There you are then – a boring four- or five-door saloon with plenty of life left in it please. Sorry, but I guess that’s where we’re at right now. 

Any other suggestions?

Keith Adams


  1. Keith, consider a diesel one – the L-Series is a cracking engine but, having said that, my 620 was still going strong at 358,000 miles.

  2. Keith,
    Having owned a Mk1 Primera 1.6, a Mk2.5 (bug eye) 1.8 Sport and 3 Mk2 GT’s, I can say you wouldn’t be disappointed. They are still up in my top 3 all round favorites – the latest 3-Series and my old C2C Volvo 850 being the other 2.

    The thing about the GT models, in particular, is that they are actually quicker than they feel, the handling is very neutral, lift off over steer being quite easy but controllable and, on top of that, if you don’t want to be bouncing off the 7200 limiter (7600 on Mk1 models) they easily do 40mpg…

    I love BL/Rover/MG products but, for an all-round track/fun/daily car, the Primera GT can’t be beaten.

    By the way, have you considered a Volvo S40 T4?


  3. The Rover 600 Series is a vastly underrated car that, even now eleven and a half years after the last one rolled off the production line, is still not attracting a big following amongst enthusiasts compared to other Rover models.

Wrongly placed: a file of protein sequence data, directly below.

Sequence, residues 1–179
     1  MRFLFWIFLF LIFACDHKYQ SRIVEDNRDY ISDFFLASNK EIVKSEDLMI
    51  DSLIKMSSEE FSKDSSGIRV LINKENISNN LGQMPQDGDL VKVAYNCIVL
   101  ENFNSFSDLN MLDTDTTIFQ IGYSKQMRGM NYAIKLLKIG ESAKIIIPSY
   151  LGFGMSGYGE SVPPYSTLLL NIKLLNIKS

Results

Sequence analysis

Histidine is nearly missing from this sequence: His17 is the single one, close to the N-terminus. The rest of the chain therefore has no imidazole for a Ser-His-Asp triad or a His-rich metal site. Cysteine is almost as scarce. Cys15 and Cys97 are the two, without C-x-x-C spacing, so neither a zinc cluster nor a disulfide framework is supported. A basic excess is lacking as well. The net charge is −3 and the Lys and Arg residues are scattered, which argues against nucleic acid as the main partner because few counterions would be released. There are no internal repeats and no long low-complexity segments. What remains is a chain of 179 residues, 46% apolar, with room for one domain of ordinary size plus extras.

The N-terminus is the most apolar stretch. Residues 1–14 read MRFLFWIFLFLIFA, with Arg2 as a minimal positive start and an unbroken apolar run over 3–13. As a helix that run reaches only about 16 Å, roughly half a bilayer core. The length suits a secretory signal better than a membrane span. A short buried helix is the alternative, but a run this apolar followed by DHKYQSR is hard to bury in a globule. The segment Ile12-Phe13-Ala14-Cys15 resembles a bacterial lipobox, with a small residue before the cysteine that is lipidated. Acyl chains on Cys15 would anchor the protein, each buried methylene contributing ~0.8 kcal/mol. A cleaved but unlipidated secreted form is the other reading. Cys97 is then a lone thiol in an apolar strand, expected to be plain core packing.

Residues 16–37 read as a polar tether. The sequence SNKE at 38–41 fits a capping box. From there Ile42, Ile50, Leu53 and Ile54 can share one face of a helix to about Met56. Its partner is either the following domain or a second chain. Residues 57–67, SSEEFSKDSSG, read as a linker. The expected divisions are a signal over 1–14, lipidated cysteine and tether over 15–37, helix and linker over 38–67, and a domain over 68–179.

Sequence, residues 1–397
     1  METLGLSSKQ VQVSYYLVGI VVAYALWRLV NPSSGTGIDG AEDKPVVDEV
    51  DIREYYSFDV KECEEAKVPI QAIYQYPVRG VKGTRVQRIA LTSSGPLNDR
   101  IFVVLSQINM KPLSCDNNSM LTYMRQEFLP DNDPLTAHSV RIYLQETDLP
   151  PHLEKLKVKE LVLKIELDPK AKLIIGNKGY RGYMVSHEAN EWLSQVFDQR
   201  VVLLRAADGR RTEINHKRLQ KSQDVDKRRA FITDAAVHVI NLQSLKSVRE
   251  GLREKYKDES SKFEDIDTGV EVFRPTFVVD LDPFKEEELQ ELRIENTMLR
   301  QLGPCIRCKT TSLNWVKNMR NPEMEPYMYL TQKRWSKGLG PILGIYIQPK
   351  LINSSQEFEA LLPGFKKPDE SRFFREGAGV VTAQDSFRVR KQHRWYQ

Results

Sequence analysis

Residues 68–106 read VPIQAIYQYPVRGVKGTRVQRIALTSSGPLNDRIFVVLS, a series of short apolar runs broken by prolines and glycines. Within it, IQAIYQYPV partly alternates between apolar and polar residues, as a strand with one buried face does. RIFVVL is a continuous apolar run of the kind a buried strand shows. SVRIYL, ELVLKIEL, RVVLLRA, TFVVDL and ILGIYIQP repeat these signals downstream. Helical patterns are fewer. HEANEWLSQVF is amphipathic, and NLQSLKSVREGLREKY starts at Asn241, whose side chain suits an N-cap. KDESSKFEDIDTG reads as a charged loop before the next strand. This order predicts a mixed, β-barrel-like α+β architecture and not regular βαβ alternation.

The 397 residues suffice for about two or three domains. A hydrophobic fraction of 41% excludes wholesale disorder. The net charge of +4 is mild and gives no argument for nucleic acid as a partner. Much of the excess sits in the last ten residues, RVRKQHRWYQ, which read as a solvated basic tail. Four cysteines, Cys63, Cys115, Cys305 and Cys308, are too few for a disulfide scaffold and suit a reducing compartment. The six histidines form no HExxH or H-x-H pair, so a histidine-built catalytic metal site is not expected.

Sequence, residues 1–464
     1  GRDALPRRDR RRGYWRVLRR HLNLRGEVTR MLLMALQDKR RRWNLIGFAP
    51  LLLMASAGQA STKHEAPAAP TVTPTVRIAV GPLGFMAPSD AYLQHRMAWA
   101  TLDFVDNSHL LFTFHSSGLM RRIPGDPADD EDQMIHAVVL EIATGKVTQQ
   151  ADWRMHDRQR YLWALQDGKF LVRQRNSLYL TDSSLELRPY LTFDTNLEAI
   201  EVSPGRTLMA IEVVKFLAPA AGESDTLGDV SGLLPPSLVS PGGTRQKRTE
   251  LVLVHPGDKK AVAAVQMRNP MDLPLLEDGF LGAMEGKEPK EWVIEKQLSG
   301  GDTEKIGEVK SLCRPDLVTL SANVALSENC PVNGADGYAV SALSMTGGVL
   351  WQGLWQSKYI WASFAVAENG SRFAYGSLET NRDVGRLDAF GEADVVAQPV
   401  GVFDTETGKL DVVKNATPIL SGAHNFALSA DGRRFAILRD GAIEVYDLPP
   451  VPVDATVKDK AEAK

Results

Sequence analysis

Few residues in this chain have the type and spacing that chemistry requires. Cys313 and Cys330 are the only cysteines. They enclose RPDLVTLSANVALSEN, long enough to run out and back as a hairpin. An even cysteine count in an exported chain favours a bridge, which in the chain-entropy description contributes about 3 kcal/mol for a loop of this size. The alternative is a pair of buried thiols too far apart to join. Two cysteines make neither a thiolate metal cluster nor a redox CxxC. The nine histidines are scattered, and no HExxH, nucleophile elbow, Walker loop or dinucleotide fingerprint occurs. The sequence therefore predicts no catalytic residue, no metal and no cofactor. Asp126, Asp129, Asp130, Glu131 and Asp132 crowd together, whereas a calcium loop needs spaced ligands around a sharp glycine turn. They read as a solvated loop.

Elegant and understated styling, a comfortable yet involving ride, impressive build quality and a range of lively engines, this is a modern Rover that will mature rather than date over time. A GSi trim level with alloy wheels (should be a mandatory feature on all Rovers) and the Lightstone leather interior would make for a worthy motorway muncher.

  4. I loved my Rover 600 DI until it was written off in February this year. If you decide on a diesel, get the one with Bosch fuel management system rather than the MEMS (Motorola) version. Bosch cars are noticeably quicker but just as economical. I would also recommend trying to find a late one – they seem to be less rusty and better put together.

    Mind you, Keith, I expect you’re looking for a Ti again…?